Illegal Drugs Possession with Intent to Sell

Drugs Possession with the Intent to Sell is a very serious offense in Las Vegas. Consequences include lengthy imprisonment and high fines. Also, future employment would pass you over if you have a narcotic conviction on your criminal records.

 

Nevada Laws for Possession with Intent to Sell

Drugs Possession with Intent to Sell

The law defines this section as unlawful possession of controlled substance for sale. The prosecutors however, should prove the following:

  • The defendant was in possession of illegal drugs; and
  • The defendant was intending to sell them

 

Possession of illegal drugs

Possession of controlled substance does not necessarily have to be owning them. To be found guilty of narcotics possession, at least one of the following conditions have to be true:

  • You carry the drug on your person, or sometimes called as actual possession; and
  • You keep the drugs in a location that you have an access to: car, home, or any storage facility. This is sometimes known as constructive possession.
  • You share drug possession with more than 1 person by storing the illegal drugs in a common area or buying the controlled substance together. This is also known as joint possession.

 

Intent to Sell

Intention is a subject which is hard to prove; there is no physical witness that there is really an “intention to sell” in which the controlled substance has been found in your possession. However, to determine the intent to sell of someone who possesses the illegal drugs, the law enforcers who performed the arrest would check the following:

  • The suspect is carrying a deadly weapon;
  • The suspect was found in an area known for drug dealing;
  • The suspect is not high, drugged, nor carrying drug paraphernalia;
  • The suspect is carrying a lot of cash including small bills;
  • There were large amount of drugs; and
  • The drugs were stored evenly and separately in containers or baggies.

 

Defenses for Drug Possession with Intent to Sell

An experienced drug possession attorney can use some of the strategies below:

  • The law enforcers violated your rights

As per the 4th Amendment, police officers should follow strict guidelines when searching for vehicles, people, and homes. If the law enforcers did unlawfully performed a search without a warrant, then the evidences found from the search should not be used against you.

A good criminal defense attorney should file a motion to suppress the evidence from an unlawful search. This motion explains the reason why there is a need to suppress the evidences and would also outline why the law enforcers violated your rights when they executed the search.

Once the court granted the motion to suppress, there is a big chance that your narcotics case will be dropped for lack of major evidence in the case.

  • The Lack of intent

Without the intention to sell the drugs, there is no probable cause for the case to stand in court. There are chances that if you did not intend to sell the drugs, then you are not supposedly liable for the drug charges. An experienced drug crime lawyer can show to the court that the drugs were only for your own personal use, the charges would be reduced with minimal offenses.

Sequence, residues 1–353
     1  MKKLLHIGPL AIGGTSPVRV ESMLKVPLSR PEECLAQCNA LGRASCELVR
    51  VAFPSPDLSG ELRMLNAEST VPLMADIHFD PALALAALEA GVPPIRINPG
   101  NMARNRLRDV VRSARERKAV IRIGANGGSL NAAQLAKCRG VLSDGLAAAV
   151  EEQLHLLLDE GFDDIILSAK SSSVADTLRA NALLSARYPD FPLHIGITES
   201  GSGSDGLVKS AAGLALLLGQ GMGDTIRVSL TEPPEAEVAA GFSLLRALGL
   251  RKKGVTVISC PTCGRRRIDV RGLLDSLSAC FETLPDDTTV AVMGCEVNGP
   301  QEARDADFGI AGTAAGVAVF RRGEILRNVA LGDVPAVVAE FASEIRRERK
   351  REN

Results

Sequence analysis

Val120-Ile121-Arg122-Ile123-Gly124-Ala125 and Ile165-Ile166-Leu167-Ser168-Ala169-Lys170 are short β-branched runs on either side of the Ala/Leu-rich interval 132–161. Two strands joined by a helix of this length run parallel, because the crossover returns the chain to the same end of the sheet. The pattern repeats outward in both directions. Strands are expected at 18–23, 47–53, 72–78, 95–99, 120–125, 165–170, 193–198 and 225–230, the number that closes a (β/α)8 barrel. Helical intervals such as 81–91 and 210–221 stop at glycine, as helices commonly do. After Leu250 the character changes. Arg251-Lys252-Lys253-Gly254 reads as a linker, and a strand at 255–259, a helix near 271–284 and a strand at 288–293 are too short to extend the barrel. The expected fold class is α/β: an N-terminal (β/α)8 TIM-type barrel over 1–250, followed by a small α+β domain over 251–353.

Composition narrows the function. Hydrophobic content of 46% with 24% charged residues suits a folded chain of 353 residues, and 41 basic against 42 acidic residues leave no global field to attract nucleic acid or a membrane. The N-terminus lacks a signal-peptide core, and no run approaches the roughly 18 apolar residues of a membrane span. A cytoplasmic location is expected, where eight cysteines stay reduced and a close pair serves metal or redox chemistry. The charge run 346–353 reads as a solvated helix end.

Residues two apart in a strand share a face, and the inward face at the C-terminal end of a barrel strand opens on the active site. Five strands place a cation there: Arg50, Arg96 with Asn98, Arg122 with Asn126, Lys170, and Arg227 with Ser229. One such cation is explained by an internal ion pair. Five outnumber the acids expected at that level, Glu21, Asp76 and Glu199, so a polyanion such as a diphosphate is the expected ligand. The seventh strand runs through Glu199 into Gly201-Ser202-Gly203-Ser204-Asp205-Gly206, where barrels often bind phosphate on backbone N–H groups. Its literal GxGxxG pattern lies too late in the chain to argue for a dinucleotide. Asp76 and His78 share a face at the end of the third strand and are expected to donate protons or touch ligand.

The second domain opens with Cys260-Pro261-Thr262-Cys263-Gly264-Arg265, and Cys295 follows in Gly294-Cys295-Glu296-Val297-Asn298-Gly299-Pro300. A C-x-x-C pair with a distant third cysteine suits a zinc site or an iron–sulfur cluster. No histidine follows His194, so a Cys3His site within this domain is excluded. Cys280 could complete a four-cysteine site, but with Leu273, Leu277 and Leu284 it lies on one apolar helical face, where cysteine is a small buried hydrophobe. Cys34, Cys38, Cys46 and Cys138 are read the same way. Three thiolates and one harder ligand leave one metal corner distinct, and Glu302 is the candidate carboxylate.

• The controlled substance belongs to someone else

Raising a doubt with the drug charges is a good defense. There are cases when the accused is unaware of the illegal drugs, then they did not commit the drug possession at all.

 

Penalties

Probation without imprisonment is possible for 1st-time offense for drug possession with the intent to sell. However, depending on the drug schedule and the defendant’s criminal history, he can be convicted to serve any of the following:

Schedule I or Schedule II

1st offense:

  • Category D Felony
  • 1 to 4 years imprisonment
  • Fines up to $5,000

2nd offense:

  • Category C Felony
  • 1 to 5 years imprisonment
  • Fines up to $10,000

3rd offense:

  • Category B Felony
  • 3 to 15 years imprisonment
  • Fines up to $20,000

 

Schedule III, IV, or V

1st and 2nd offense:

  • Category D Felony
  • Probation is possible for 1st offense
  • 1 to 4 years imprisonment
  • Fines up to $10,000

3rd or subsequent offense:

  • Category C Felony
  • 1 to 5 years imprisonment
  • Fines up to $10,000

 

Possession of drug paraphernalia with the intent to sell:

This is a separate offense as opposed to possession of drugs with the intent to sell. 1st-time offense is probationable. The penalties for subsequent offense are:

  • Category E Felony
  • 1 to 4 years imprisonment
  • Fines up to $5,000

 

Plea Bargain:

If the prosecutors are not willing to drop the drug charges, your legal counsel can negotiate a plea bargain where your case can be reduced from Felony to Misdemeanor charges. The sentence can include:

  • Probation,
  • Rehabilitation,
  • Community service,
  • Avoiding to get arrested again while the case is on-going, and
  • A suspended jail sentence (you will not get imprisoned as long as you do not violate the terms of the agreement).

 

Attorney for Illegal Drugs Possession

Ross Goodman has decades of practice regarding drug charges. He can help you or your loved one who is facing drug charges to either get your charges reduced or even get the case dismissed to keep your records clean. Schedule a free case consultation and know how Attorney Ross C. Goodman can help you with your drug charges.